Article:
The Next Four Days of France

Friday, February 29th, 2008

I’m on the end of an annoying flu that’s made the last three days a little slower and sleepier than I’d hoped. We arrived in Barcelona two days ago. I’ll be doing a post about here soon. How Paris finished out:

Day 4: February 23th

The fourth day in Paris began with a delicious blue cheese and walnut quiche with side salad. C. and I had met a friend of his for lunch at a quiet cafe by the river. Afterward, we took an epic walk to find the Paris sewers. By the time we reached the entrance it was closed. Substituting one brown water for another, we grabbed some coffee in a park. Three young professionals and three expensive coffees leads to some passionate people watching and discussion of international issues and videogames.

That evening I was slaughtered again in Catan. I don’t know what I’m doing wrong, other than losing. Maybe my new strategy should be to win.

A building with the wall covered in non ivy plants. The future?

A fountain during the walk back from the park.

An egyptian ding dong type thing near the fountain.

Arc de Triumph in the distant evening traffic.

Day 5: February 24th

Upon waking, we promptly went to the sewers. The area free to explore was smaller than I hoped, but interesting enough. Flowing streams of brown liquid were crossed by honeycomb metal bridges. The area must have been better ventilated than the off limits sewers, as it smelled more of moisture than excreta. Roped off were endlessly echoing dark chambers leading out under the real city. If I was an urban adventurer, I’d sneak off into on of those tunnels.

One of the main rooms on the tour.


Cool tunnel.

A large ball used to unclog the pipes. Balls of varying sizes are used for this purpose.


I won’t get into the history of the Paris, but for a long time it was a pretty shitty situation. It’s surprising how recently it was that seemingly obvious levels of sanitation weren’t in effect. I wonder how future generations will regard us as fools.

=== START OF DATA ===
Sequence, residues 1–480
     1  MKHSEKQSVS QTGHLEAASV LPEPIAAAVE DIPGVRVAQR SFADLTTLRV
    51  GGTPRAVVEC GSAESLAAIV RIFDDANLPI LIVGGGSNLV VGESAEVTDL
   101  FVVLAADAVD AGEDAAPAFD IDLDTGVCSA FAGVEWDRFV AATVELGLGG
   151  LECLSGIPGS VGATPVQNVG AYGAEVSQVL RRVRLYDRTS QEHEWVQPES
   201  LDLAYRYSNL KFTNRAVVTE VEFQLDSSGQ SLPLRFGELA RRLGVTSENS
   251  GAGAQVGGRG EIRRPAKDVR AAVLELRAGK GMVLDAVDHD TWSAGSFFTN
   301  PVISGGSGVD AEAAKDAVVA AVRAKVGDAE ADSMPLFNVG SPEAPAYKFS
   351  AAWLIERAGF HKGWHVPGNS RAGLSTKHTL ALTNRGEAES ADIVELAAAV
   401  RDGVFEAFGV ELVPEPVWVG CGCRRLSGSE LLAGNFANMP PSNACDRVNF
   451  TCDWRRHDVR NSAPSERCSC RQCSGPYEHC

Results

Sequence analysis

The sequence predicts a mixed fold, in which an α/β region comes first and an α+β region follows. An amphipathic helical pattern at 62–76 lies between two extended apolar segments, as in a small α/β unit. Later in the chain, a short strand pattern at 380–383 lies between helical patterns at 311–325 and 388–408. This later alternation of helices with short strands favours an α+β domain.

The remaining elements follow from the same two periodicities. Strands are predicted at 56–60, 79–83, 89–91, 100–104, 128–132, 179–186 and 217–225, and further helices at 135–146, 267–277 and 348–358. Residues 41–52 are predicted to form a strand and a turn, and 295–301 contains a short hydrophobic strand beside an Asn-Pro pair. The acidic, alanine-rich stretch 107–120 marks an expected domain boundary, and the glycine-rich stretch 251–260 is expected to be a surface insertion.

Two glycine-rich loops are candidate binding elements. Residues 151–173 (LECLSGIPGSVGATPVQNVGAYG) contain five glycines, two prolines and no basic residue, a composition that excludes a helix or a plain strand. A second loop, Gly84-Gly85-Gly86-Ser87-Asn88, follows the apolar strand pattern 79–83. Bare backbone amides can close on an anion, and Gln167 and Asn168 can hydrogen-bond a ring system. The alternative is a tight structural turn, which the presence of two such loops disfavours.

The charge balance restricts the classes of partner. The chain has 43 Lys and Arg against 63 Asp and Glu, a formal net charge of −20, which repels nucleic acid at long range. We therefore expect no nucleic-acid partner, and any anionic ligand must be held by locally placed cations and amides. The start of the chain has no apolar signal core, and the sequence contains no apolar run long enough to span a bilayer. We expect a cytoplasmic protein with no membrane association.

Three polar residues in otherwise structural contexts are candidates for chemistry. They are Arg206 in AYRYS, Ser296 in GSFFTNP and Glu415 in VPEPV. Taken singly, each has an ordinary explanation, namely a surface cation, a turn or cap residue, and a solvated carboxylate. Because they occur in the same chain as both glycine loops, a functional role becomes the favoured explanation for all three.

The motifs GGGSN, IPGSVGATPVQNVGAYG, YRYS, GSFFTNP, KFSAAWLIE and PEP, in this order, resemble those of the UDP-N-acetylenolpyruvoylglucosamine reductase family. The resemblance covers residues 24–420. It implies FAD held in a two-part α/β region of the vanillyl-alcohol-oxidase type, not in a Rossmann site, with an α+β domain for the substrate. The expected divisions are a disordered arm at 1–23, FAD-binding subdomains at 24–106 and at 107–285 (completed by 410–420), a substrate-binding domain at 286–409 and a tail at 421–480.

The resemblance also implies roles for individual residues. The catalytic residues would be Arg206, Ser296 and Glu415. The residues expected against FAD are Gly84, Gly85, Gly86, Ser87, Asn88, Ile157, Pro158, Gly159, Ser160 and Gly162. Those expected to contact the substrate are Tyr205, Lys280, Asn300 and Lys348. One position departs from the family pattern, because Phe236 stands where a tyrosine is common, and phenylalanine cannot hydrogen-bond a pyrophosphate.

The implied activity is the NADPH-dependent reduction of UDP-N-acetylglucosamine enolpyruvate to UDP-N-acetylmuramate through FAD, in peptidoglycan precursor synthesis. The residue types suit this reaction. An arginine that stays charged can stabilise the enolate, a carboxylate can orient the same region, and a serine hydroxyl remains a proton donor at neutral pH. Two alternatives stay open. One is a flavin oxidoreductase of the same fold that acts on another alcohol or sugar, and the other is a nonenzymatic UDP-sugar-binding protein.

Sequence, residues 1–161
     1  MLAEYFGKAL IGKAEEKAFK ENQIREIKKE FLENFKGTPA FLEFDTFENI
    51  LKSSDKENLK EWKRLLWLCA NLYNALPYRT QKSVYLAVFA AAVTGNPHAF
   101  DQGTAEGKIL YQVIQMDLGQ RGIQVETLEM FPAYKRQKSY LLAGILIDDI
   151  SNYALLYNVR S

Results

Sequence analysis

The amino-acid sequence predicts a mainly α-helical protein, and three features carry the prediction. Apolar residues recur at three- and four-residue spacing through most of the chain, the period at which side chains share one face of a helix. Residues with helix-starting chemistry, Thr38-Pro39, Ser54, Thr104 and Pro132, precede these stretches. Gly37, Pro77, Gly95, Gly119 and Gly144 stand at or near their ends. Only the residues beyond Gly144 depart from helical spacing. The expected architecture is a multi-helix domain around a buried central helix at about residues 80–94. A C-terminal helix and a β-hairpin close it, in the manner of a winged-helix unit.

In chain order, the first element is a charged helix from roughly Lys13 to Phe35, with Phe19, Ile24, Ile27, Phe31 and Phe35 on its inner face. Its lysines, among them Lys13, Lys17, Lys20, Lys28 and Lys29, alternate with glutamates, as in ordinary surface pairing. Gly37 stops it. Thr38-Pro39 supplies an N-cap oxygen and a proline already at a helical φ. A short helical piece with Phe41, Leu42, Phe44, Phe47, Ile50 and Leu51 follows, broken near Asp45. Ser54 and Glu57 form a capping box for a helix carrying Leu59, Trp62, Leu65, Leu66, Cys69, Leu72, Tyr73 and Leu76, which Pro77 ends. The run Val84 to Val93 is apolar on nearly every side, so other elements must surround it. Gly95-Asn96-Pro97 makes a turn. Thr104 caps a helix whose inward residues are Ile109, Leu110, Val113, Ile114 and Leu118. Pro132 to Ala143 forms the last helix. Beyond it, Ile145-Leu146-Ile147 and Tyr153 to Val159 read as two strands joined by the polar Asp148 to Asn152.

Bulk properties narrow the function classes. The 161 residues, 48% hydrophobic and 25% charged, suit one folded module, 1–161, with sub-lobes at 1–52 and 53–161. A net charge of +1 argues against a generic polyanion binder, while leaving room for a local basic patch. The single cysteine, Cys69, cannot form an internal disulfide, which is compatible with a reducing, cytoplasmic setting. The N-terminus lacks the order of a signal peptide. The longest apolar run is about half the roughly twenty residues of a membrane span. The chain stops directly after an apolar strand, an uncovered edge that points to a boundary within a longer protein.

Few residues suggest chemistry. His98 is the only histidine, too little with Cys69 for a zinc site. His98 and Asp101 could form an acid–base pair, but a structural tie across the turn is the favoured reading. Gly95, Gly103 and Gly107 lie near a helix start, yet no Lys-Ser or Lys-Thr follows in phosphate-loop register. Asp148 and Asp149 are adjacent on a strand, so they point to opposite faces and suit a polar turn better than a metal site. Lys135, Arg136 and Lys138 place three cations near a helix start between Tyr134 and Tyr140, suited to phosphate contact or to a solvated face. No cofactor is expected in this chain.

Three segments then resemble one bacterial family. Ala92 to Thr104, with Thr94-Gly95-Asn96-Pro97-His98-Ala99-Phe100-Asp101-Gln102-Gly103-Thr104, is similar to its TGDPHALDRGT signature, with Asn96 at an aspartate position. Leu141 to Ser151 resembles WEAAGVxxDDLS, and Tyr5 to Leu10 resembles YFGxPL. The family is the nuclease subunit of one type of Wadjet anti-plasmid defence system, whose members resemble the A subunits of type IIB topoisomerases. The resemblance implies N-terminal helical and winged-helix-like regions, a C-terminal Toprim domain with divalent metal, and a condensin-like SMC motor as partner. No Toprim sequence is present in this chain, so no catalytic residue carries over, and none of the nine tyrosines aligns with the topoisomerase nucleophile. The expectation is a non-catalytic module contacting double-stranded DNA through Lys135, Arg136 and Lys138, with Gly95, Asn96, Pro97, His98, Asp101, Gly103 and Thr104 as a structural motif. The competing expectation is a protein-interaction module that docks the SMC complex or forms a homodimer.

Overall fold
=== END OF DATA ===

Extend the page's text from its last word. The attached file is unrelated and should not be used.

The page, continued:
After the sewers, we found some average pho soup. The atmosphere of the restaurant was great, however. An old man sitting nearby was trying to cut open a durian with a cleaver. The owner was trilingual and very talkative. By coincidence, he had a brother that lives in southern California. A Vietnamese immigrant in southern California? Seemed unlikely, but I let it slide.

In the evening I started getting sick. I bought some lemons and honey to make life affirming drinks. In hindsight, the lemon water probably did nothing, and the extra honey just ended up spilling all over my backpack.

Day 6: February 25th

The day began at 6:30. We woke and got on the subway to catch a high speed train to a town two hours south of Paris called Valence. C. has a friend named M. from work who was visiting his mother’s house over the weekend, and it seemed like a good opportunity for food, lodging, and scenery we would have missed otherwise.

The train. Quiet but not deadly.

The house we stayed at.

M.’s mother offered us a local specialty sausage as a snack.

Lunch consisted of avocado bread, herby terrine, rice, squash,

and delicious fresh rabbit stew.

After lunch, we drove to the ruins of a local mountaintop castle. It’s the tallest point in the photo if you can’t see it.

A better view from the trailhead.

Ancient lawn mowers tending to the grass.



C. and M.

Some of the surviving structure was built onto the steep hillside overlooking the valley.

After a nice flu weakened hike on a mountain, I crashed early and let my fever carry me to sleep.

Day 7: February 26th

Our second and last day in Valence was fairly uneventful, in a good way.

After breakfast, we visited a family that lives on an enormous 200 year old property. They served homemade cherry wine and pretzels.

After a lunch I didn’t have much appetite for, M. dropped us off at the train station and we began the 7 hour journey to Barcelona. Because of my flu, I desperately wanted to sleep on the train, but there was no comfort to be found in the Franco era seats. I entered into a zombie-like state for the trip, neither asleep nor awakeÐremembering nothing except a glimpse of the sea and the border check.

The Barcelona train station at 11PM.

Time to sleep. Buenos noches!

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